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Alabama senators support legislation to end incentives for reducing methane emissions

The Natural Gas Tax Repeal Act would end both subsidies for reducing greenhouse gas emissions and penalties for excessive emissions.

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On Wednesday, Senator Ted Cruz, R-Texas, introduced the “Natural Gas Tax Repeal Act,” pointing to excessive energy costs and ongoing inflation as justification. Both of Alabama’s senators, Katie Britt and Tommy Tuberville, were among the 12 other Republican senators to cosponsor the bill.

Just two pages long, the Natural Gas Tax Repeal Act would repeal the entirety of Section 136 of the Clean Air Act.

Added to the Clean Air Act by the Inflation Reduction Act in 2022, Section 136 established two sets of incentives for gas and oil companies to reduce methane and other greenhouse gas emissions.

First, Section 136 set $1.55 billion aside in the form of subsidies meant to help companies pay to reduce emissions, mitigate the health effects of emissions, and aid in environmental restoration.

It also authorized a fee for every metric ton of methane emitted by a production facility above “0.20 percent of the natural gas sent to sale” or “10 metric tons of methane per million barrels of oil sent to sale,” by nonproduction facilities above “0.05 percent of the natural gas sent to sale,” and by transmission systems above “0.11 percent of the natural gas sent to sale.”

For 2024, the rate was set at $900 per metric ton. This will rise to $1,200 per metric ton in 2025 and then to $1,500 per metric ton in 2026 and beyond.

While the title of Cruz’ bill refers to this fee as a “Natural Gas Tax,” it only applies to waste emissions of methane, or methane that is released during the production, storage, and transmission process and not used by consumers.

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When it is actually burned by consumers, natural gas (which is primarily methane) becomes carbon dioxide and water vapor. While carbon dioxide is a greenhouse gas, the fee established by Section 136 only applies to methane emissions, so any natural gas actually used by consumers would not be taxed.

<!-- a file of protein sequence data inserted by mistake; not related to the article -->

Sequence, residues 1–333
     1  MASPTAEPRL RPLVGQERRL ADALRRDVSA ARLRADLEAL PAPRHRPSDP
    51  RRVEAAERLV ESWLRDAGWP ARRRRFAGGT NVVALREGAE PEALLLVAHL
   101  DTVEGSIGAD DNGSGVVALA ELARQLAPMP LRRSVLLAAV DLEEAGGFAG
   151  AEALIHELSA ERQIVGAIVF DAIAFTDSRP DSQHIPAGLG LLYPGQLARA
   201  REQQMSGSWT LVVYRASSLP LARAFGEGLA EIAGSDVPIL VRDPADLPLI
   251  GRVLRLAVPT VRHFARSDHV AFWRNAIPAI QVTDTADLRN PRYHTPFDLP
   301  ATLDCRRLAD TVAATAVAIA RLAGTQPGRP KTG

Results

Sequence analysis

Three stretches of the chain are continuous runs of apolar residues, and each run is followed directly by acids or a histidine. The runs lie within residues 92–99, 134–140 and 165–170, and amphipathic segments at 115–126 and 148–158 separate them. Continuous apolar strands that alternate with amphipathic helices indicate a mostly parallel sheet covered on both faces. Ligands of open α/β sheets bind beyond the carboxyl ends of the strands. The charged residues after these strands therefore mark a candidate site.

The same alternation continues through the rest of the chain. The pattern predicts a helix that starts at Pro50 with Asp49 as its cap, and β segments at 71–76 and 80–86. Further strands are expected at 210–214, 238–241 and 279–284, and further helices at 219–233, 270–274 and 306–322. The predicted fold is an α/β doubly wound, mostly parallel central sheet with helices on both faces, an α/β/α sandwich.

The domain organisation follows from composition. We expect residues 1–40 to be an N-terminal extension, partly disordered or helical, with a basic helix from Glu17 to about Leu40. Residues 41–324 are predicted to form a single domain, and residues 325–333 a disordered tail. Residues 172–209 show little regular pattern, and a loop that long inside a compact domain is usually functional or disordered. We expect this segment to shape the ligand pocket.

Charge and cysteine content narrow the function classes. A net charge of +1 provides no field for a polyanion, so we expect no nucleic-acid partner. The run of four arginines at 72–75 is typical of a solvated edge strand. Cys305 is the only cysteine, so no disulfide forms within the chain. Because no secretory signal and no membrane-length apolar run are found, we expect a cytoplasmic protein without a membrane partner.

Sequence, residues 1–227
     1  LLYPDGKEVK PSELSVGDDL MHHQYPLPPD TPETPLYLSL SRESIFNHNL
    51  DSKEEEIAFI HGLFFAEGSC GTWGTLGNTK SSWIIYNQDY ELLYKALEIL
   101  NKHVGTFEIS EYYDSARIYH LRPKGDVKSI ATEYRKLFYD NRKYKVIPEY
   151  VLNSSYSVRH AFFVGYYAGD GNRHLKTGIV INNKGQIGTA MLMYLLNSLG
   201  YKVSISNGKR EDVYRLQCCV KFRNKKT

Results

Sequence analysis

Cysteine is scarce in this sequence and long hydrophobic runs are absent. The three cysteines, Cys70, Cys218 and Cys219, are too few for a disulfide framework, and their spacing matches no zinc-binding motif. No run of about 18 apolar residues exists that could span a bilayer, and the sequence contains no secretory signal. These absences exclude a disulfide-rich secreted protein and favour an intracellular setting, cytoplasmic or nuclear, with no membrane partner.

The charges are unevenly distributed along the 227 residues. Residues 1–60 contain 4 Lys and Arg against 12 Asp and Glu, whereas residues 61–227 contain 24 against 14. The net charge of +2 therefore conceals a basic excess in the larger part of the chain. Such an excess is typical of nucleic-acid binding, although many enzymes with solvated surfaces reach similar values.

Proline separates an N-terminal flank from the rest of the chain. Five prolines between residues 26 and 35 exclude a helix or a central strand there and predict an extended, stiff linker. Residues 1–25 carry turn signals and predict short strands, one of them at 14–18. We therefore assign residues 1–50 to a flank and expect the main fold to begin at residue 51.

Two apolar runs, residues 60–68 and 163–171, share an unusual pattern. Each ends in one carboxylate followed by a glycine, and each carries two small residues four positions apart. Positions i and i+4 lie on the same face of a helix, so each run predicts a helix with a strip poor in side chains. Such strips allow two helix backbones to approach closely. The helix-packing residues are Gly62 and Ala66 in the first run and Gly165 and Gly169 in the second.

Accusing the Biden administration of inappropriate deference to “woke climate activists,” Senator Tuberville described the provisions as unnecessary government overreach.

He said that “since day 1 in office, Joe Biden has waged war on American energy — driving up costs and sending American jobs overseas. The last thing Americans need right now are higher taxes and government red tape.”

Senator Britt criticized the Biden administration’s energy policy too and also referred to “its war on American energy.”

“For the past three years, this Administration has been intent on prioritizing its irresponsible, partisan Green New Deal Agenda, ultimately weakening our national and economic security,” Britt said. “It’s past time to unleash not just U.S. energy independence, but energy dominance.”

The Biden White House has defended Section 136 from previous Republican attacks, calling it a “key provision of the Inflation Reduction Act.”

On March 19, in a statement of administration policy, the Biden White House said that “if the President were presented with HR1023 [a bill passed by the House which includes the Natural Gas Tax Repeal Act], he would veto it.”

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Chance Phillips is a reporting intern at the Alabama Political Reporter. You can reach him at [email protected].

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